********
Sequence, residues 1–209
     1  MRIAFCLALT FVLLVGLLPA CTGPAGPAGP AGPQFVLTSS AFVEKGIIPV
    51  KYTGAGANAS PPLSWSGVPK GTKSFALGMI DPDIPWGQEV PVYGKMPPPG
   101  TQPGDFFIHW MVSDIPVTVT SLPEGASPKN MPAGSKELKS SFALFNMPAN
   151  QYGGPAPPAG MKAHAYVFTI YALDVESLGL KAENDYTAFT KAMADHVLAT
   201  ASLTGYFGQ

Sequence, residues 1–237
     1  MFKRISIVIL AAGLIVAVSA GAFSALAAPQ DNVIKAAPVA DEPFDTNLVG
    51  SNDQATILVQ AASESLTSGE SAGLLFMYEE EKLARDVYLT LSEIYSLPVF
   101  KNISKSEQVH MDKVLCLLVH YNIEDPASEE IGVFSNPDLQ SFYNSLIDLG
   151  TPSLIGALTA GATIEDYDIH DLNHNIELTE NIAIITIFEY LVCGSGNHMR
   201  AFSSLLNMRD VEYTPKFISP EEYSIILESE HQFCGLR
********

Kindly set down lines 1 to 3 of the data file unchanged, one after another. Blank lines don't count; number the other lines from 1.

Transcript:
Sequence, residues 1–209
     1  MRIAFCLALT FVLLVGLLPA CTGPAGPAGP AGPQFVLTSS AFVEKGIIPV
    51  KYTGAGANAS PPLSWSGVPK GTKSFALGMI DPDIPWGQEV PVYGKMPPPG